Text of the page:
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Genetic and Social Structure of Feral House Mouse Populations on Grizzly Island, California

Myers, Judith H.
Ecology 1974 v.55 no.4 pp. 747-759
Mus musculus, environmental factors, esterases, farm buildings, females, feral animals, gene frequency, genotype, grasslands, hemoglobin, loci, mice, reproduction, sexual maturity, social structure, trapping, California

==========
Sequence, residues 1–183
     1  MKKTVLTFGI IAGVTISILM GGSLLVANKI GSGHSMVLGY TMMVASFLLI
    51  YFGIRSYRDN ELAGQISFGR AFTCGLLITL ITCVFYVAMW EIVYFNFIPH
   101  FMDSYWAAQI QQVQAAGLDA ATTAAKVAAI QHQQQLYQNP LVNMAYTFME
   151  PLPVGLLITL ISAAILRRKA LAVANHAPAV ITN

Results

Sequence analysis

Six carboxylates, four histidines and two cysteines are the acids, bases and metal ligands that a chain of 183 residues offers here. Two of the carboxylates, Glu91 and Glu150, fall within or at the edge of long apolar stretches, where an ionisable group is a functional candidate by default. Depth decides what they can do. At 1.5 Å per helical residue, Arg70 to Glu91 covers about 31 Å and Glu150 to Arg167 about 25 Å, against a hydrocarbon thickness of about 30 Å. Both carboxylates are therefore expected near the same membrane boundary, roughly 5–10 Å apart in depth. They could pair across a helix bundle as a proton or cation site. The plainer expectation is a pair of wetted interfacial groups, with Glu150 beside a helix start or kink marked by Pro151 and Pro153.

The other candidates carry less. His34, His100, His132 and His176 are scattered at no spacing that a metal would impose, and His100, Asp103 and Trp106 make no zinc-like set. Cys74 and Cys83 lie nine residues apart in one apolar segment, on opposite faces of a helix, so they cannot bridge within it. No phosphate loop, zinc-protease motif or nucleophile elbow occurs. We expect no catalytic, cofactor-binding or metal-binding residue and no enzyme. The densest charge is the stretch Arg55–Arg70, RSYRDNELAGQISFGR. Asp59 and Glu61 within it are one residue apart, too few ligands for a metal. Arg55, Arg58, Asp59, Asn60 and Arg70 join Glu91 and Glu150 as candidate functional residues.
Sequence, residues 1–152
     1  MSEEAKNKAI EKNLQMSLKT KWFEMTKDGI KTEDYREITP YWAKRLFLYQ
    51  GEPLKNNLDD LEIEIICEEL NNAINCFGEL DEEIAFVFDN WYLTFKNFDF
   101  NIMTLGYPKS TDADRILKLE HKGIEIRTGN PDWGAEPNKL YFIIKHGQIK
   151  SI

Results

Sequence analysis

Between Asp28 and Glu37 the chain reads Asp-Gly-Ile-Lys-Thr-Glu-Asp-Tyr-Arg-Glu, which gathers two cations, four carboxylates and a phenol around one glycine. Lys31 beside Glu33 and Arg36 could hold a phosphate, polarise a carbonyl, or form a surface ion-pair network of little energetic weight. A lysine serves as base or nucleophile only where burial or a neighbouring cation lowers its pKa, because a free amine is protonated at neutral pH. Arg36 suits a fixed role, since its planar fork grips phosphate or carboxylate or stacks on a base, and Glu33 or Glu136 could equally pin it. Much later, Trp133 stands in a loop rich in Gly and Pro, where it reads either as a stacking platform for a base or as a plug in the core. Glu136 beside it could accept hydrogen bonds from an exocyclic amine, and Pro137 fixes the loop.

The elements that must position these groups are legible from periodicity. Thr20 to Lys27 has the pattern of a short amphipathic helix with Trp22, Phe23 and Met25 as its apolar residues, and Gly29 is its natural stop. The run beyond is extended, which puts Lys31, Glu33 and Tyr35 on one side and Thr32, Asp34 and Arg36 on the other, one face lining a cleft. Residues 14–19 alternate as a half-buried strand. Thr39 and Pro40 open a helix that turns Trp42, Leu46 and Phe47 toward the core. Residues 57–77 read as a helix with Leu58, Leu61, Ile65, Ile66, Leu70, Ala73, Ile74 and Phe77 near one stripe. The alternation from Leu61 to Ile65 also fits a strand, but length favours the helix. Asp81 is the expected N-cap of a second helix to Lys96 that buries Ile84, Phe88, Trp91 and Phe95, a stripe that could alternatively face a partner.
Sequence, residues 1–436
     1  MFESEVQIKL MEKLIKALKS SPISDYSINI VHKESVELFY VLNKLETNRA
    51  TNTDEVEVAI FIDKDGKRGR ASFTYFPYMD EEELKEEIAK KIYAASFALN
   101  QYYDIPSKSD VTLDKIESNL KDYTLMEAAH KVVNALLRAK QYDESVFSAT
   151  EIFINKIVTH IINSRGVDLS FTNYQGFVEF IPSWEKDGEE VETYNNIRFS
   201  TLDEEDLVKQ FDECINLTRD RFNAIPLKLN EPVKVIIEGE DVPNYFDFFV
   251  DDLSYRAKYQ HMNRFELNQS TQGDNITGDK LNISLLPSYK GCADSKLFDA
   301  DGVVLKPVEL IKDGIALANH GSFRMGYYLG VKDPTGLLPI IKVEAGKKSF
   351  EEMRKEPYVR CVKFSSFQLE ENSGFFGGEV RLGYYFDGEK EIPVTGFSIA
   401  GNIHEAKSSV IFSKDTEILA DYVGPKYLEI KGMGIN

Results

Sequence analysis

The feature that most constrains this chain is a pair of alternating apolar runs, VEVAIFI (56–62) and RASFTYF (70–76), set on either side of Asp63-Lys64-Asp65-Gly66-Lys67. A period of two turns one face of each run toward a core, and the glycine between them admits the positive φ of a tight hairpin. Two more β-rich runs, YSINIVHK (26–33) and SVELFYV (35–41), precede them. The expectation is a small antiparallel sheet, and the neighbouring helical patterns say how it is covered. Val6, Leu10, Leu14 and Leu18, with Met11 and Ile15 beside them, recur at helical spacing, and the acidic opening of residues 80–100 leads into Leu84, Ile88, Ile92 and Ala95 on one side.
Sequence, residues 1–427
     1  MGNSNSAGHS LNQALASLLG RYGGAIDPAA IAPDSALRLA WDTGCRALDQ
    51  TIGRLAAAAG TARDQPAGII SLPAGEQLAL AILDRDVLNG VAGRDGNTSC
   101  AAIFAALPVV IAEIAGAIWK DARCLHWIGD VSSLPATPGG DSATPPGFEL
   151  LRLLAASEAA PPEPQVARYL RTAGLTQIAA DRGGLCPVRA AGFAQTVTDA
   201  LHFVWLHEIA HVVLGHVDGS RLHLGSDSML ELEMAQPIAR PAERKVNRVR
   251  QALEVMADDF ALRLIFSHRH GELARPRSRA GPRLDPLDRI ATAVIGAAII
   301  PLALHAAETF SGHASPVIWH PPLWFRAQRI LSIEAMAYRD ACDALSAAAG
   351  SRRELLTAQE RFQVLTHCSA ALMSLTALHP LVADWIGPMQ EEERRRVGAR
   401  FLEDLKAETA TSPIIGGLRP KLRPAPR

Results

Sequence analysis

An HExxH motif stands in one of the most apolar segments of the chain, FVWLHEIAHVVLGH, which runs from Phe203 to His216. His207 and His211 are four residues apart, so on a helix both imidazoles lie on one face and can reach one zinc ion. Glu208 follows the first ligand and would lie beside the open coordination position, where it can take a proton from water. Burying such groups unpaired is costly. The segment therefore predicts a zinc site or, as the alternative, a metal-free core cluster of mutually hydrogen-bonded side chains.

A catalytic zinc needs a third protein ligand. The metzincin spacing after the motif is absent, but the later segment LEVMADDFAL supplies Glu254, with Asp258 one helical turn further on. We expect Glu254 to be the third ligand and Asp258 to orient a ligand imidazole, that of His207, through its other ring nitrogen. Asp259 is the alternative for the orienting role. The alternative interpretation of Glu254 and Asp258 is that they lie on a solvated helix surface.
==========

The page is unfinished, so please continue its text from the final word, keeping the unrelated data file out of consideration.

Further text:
Two populations of house mice living in open grassland in northern California were tested for demic structure, which has been reported for populations living in farm buildings. Mice captured in each of two 0.8—ha trapping areas were typed for two blood proteins (hemoglobin and an esterase). Nonrandom distributions of genotypes within the populations occasionally occurred, but were not temporally stable. During part of the study, allele frequencies at the hemoglobin locus were significantly different in the two populations. An analysis of selection showed that differential survival and reproduction favored different genotypes in each population. Numbers of mice fluctuated dramatically on the two areas, reflecting the variability of conditions to which feral mice are exposed. A period of colonization occurred in one of the trapping areas, and young females that became sexually mature just before or immediately after their movement to this area were prevalent among the colonizing mice. Dispersal, caused by fluctuating environmental conditions, appears to be an important aspect of feral house mouse population structure, and feral populations are not divided into temporally stable, closed genetic units as are populations living in farm buildings.